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"Well designed places, well designed homes, well designed public domains create value, respect, empathy between people."*

Dublin City Council is committed to using design to improve the attractiveness, liveability and sustainability of our built environment in its roles as planning authority, manager of public spaces and buildings and through its own construction projects.

Dublin City Architects is responsible for promoting design and providing architectural, urban and conservation design services to Dublin City Council. In doing this, we will:

  • Aim for Dublin’s citizens to enjoy the highest quality built environment; one that is clear, generous, appropriately scaled, positive to context, well made and which promotes access and inclusion.
  • Work to achieve excellence in the ordinary.
  • Consider places before buildings so that new developments contribute positively to public spaces.
  • Learn from the past in creating architecture that matches the quality and longevity of earlier periods.
  • Facilitate architecture that is contemporary, performs to the highest environmental standards, addresses climate change and is culturally cosmopolitan.

Blog Posts

08.05.2014Investment in Social Housing in Darndale and Ballybough

 

 

Minister for Housing, Jan O’Sullivan recently announced the provision of €68 million in funding for the construction of social housing.  This is the first such government investment in many years and will result in 449 new homes across the state. 

Speaking at the official launch in Darndale, she explained

“It is an important investment but, with a very strong demand for social housing, I am of the view that more resources need to be invested in social housing over the coming years to expand supply”

The largest allocation of the funds will be to Dublin City Council, who will receive €10.5 million to construct 42 new homes.  The funding will be divided between two projects in Darndale and Ballybough.  This will see 35 new houses built in Buttercup, Darndale, while seven new homes are planned for the Ballybough Road.

 

Existing houses and open space, Darndale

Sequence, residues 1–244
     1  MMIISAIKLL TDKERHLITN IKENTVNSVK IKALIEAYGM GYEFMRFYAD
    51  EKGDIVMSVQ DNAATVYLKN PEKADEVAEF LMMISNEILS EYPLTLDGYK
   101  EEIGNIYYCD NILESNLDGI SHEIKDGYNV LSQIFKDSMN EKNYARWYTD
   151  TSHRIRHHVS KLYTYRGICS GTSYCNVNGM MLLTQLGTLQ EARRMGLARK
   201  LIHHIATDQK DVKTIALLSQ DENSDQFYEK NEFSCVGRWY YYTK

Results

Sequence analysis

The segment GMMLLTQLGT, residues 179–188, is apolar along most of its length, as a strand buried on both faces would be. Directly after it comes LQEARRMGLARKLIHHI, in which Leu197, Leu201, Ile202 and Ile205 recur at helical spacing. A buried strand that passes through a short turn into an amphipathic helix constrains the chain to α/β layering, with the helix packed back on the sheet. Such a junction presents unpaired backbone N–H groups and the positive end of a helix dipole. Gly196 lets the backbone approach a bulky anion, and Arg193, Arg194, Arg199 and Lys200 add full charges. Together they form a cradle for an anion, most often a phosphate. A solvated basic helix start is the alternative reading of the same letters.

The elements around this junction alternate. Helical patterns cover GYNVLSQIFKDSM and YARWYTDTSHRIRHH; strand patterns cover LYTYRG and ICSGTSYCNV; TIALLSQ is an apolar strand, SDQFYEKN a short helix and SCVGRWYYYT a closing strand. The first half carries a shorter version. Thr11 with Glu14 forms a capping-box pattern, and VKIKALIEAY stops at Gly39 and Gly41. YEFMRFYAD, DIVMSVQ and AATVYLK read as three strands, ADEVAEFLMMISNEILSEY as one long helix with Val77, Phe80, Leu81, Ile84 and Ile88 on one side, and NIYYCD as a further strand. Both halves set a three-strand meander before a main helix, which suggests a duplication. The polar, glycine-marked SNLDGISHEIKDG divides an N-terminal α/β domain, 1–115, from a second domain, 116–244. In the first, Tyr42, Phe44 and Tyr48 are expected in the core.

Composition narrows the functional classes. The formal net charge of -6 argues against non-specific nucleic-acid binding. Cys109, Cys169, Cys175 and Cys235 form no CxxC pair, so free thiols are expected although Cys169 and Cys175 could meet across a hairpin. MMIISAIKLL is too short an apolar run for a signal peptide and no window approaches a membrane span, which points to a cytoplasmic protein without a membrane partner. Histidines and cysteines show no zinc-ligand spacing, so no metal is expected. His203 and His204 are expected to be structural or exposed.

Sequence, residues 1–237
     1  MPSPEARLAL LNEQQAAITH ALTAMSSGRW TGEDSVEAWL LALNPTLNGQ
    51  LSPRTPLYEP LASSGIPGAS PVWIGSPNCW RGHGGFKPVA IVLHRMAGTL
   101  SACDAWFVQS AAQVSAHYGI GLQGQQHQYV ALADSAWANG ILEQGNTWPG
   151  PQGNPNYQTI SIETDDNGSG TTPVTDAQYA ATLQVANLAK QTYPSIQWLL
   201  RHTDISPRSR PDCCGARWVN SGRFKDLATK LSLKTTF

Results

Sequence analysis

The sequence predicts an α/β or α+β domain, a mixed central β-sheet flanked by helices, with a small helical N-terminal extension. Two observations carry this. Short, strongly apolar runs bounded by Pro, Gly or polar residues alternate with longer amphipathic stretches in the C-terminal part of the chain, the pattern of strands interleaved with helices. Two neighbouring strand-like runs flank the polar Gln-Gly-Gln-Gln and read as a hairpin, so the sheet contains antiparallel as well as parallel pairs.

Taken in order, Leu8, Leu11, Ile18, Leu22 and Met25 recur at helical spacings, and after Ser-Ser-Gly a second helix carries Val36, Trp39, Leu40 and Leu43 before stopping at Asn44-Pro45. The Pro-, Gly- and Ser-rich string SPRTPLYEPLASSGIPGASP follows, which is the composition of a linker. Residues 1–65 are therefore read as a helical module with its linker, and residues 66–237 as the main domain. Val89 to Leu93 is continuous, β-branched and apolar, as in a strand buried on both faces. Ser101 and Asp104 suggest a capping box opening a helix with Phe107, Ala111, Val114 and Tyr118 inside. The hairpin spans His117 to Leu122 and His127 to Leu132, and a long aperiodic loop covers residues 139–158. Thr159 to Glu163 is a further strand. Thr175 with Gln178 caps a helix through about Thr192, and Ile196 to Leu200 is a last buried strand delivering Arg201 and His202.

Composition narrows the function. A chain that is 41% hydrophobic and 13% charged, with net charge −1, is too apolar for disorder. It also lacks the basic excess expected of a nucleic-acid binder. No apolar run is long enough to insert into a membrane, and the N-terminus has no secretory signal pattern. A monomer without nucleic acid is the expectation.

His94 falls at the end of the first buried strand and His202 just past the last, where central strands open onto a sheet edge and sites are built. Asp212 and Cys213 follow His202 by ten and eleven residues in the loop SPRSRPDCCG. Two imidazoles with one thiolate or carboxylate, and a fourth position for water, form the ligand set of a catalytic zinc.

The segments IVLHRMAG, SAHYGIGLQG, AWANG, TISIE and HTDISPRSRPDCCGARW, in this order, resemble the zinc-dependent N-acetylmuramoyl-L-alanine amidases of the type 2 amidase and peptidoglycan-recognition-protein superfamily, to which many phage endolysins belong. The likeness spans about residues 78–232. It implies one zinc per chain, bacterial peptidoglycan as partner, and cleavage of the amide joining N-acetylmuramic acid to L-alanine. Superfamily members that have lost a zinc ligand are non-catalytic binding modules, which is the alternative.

Designed in 1969 and completed in 1976, Darndale originally won praise for its innovative design. The scheme was composed of clusters of low rise houses accessed from pedestrianised laneways and courtyards.  Based on the ‘Radburn’ concept, this arrangement was intended to separate pedestrians from traffic.  However, many of these spaces in Darndale had low levels of surveillance with little defensible space.  As the area fell victim to a number of social problems, many residents reported anti social behaviour taking place in these spaces.

 

 

 

Proposed Changes to Buttercup Darndale. Each house will be entered through its front garden with new houses indicated in red.

 

Buttercup represents the final phase of Darndale’s regeneration.  It is the most comprehensive of these phases and will involve the replacement of 25 houses with 35 new homes.  Each new house will contain three bedrooms and come in one of three main forms.  The gardens of existing houses will be enlarged with parking space provided within.  As a result, each house in Buttercup will be accessed through a generous front garden with additional private open space to the rear.  These changes will address issues arising from the original scheme and create a clearer and better defined layout for the area as a whole.

Existing Houses on Ballybough Road

 

The work on the Ballybough Road, by contrast, is the opening phase of the wider area’s development. The site is currently contains a row of two storey over basement houses sitting derelict and unoccupied.  The scheme, as prepared by City Architects, will work within the fabric of these structures to provide seven new homes.  These new dwellings will come in a variety of sizes with access either from the Ballybough road or a new avenue to the rear.  The gardens of the new homes will open onto this new avenue and contain car parking spaces for the residents.  The coming years will see further works to provide additional, much needed housing in this part of the city.

City Architects Proposal for Ballybough Road. The existing houses are divided in section to provide seven new homes.

 

The €68 million local authority construction initiative is one of several strategies in 2014 to provide suitable housing across the country.  These include funding to renovate vacant local authority houses and an investment in housing for the elderly, those with a disability, and the homeless.  Other schemes will focus on improving the energy efficiency of local authority housing and a fund to kick start resolution on unfinished housing developments.

 

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